New Mexico Junior College and University of the Southwest, as well as Eastern New Mexico University and University of New Mexico, have experienced an incease in the number of online students this year compared to last year.
One of the reasons, some say, is a dramatic increase in the price of gasoline.
According to AAA, gas prices in New Mexico average $3.66 for unleaded and $4.16 for diesel compared to $2.93 fo unleaded and $3.02 for diesel a year ago.
NMJC has increased from 749 students enrolled in online classes last fall to 1,629 online students this fall -- up 117 percent, said Michele Clingman, dean of enrollment management at NMJC. USW increased from 585 online students last fall to 845 online students this fall -- up 7 percent, said Evelyn Rising, acting registrar at USW.
UNM online programs have increased 26 percent from last year,said Kim Jarigese, marketing manager with UNM extended university. ENMU has 811 more students enrolled in online classes than last year, according to Trish Maquire, director of distance education and outreach at ENMU.
"We stated looking at this trend (gas prices and online class enrollment) this summer ... and we are assuming gas prices is a very big factor for students to enroll in online classes," Maquire said.
"I think students are initially taking an online class because they don't want to drive and then discover how convenient i is to take a class from home," Jarigese said.
Rising gas prices were a reason Paula Harrison chose to sign up for online classes the last few semesters she attended a Hobbs college.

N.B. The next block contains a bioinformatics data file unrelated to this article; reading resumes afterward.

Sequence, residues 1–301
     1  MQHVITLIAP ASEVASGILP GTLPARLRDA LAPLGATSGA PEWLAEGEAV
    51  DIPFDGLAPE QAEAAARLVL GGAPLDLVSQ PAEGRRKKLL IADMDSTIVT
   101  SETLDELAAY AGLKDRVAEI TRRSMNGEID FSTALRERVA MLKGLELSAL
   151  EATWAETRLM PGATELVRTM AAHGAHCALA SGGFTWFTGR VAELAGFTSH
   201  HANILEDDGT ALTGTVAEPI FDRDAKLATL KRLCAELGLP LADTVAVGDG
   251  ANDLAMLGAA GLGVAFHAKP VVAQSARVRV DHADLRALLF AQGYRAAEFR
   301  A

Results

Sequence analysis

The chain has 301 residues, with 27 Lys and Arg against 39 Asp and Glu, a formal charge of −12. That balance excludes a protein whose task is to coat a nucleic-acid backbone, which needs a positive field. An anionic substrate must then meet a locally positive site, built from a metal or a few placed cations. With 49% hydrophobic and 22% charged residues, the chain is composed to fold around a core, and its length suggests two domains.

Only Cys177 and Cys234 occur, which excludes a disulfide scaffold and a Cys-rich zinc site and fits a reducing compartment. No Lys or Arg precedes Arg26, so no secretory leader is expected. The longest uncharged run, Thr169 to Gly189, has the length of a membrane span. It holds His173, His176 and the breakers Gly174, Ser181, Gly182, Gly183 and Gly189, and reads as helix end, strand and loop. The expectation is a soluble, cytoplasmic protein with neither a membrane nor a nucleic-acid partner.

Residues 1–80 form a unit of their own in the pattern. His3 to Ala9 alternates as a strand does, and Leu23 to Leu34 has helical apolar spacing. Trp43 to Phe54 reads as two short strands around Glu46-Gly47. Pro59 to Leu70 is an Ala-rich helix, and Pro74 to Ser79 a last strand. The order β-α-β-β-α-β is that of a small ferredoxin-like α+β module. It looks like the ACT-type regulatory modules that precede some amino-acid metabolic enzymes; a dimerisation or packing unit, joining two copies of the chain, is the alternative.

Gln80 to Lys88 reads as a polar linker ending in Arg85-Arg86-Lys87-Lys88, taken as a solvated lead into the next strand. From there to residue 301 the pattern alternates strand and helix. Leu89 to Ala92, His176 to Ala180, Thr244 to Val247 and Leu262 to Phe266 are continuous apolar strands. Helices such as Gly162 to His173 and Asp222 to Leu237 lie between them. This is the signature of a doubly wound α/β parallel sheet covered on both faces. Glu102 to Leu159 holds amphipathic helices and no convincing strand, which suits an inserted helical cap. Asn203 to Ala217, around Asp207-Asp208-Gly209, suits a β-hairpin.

Harrison, a 2008 graduate of College of the Southwest (now USW), said she took at least one Internet class a semester at the Hobbs Christian university.
"As a student, often your resources are limited until you can get your degree and start working full time. I had decided to not work full time while I was a student and I had to be very careful about managing my money," she said.
Harrison, who works as the assistant registrar at USW, she said she didn't know how much she'd saved on gas by having online classes.
Many NMJC students have said they like the flexibility of taking online classes because they do save on gasoline, Clingmn said. Typically students take both face-to-face and online classes and that way they don't have to drive to campus five days a week.
The Hobbs junior college students have a $40 fee per online class but that doesn't deter students for signing up for those classes, Clingman said.
"For many students, online classes are preferred because of work schedules, child care conflicts and costs associated with travel," Clingman said in an e-mail.
NMJC sophomore Jane Garcia, who as both online and on-campus classes this semester, said she definitely seen a difference in how much she spends filling up at the pump. Usually spending $80 a week on gas, she saves $20 a week on gas and saved about $40 a week by taking all Internet classes this summer.
"It (online classes) is an option and more people should consider it," Garcia said. "It's a whole lot easier than having to get up and go, for the gas or for having to find a baby-sitter for the kids while you go to class."